Prior studies using mice with a similar type of infertility discovered that the mice had germ cells as newborns, but that these cells were quickly depleted. The findings of the new study indicate that infertile human men might have had at least a few functioning germ cells as newborns or infants. The team says that more study is required, but they believe that their findings suggest these men might be able to have children of their own later in life by collecting and freezing some of this viable tissue during their childhood.
"This research provides an exciting and important step for the promise of stem cell therapy in the treatment of azoospermia, the most severe form of male factor infertility," said Michael Eisenberg, MD, an assistant professor of urology at Stanford and director of the male reproductive medicine and surgery program. "While the study clearly demonstrates the importance that genetics play in spermatogenesis, it also suggests that some of these limitations could potentially be overcome."
A previous study by Reijo Pera in 2009 demonstrated that it was possible to generate functional, sperm-producing germ cells from human embryonic stem cells grown in a laboratory under certain conditions. These cells are difficult to obtain, however, as they were derived from human embryos donated for research after in vitro fertilization procedures. Another challenge in using these cells for infertile couples wanting their own genetic children is that the child would inherit a portion of the genome from the embryo from which the cells were derived. Finally, the process required to create these cells required the stem cells to be engineered to overexpress several genes in order to drive the embryonic stem cells to become germ cells.
The stem cells created from the infertile men's skin samples, however, required no artificial manipulation. These cells differentiated into what the team called "germ-cell-like cells" simply by virtue of the environment in which they were placed—in this case, the seminiferous tubules of mice, where the animals' sperm production takes place. Without manipulation, the cells expressed many genes known to be expressed in primordial germ cells, and underwent a genetic reprogramming process called demethylation associated with sperm production.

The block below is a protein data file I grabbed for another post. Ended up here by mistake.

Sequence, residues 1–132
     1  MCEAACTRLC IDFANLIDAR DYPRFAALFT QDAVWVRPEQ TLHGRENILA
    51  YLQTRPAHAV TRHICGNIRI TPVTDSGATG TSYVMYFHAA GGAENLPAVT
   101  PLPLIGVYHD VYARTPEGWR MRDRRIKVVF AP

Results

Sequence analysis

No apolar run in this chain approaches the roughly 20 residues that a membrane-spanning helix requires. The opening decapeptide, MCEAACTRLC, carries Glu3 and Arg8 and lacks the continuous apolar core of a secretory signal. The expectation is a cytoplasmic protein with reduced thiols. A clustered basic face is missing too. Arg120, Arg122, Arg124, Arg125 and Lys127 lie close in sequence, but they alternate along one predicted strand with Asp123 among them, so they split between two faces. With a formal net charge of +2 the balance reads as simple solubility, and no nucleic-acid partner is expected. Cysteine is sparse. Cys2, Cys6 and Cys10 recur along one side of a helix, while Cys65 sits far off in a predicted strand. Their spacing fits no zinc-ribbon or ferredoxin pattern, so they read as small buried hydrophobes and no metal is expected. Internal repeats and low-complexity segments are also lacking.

"We found that the induced pluripotent stem cells were very efficiently driven down that lineage pathway," said Reijo Pera. "This system has shown that the genetic background of the person from whom the stem cells are derived affects how many primordial germ cells are made. We're now able to recapitulate that process and begin to study things like gene expression patterns and the distinct steps involved in this process."
When the stem cells from the infertile men were compared to those of the fertile men, stark differences surfaced. The infertile men each carried a mutation in a region of the genome known as AZF1, which are associated with the production of few or no sperm. Their stem cells, according to the researchers' estimations, were 50-to 100-fold less efficient in their ability to become primordial germ cells than the stem cells of the fertile men.
"Studying why this is the case will help us understand where the problems are for these men and hopefully find ways to overcome them," said Reijo Pera.
"Our studies suggest that the use of stem cells can serve as a starting material for diagnosing germ cell defects and potentially generating germ cells," she said. "This approach has great potential for treatment of individuals who have genetic/idiopathic causes for sperm loss or for cancer survivors who have lost sperm production due to gonadotoxic treatments."
"In addition, it provides very intriguing possibilities for men rendered sterile after cancer treatments," said Eisenberg. "Being able to efficiently convert skin cells into sperm would allow this group to become biologic fathers. Infertility is one of the most common and devastating complications of cancer treatments, especially for young boys and men."
The research team intends to continue their studies using non-human primates for future implantation studies, in addition to exploring the effects of other types of infertility-associated mutations on germ cell production.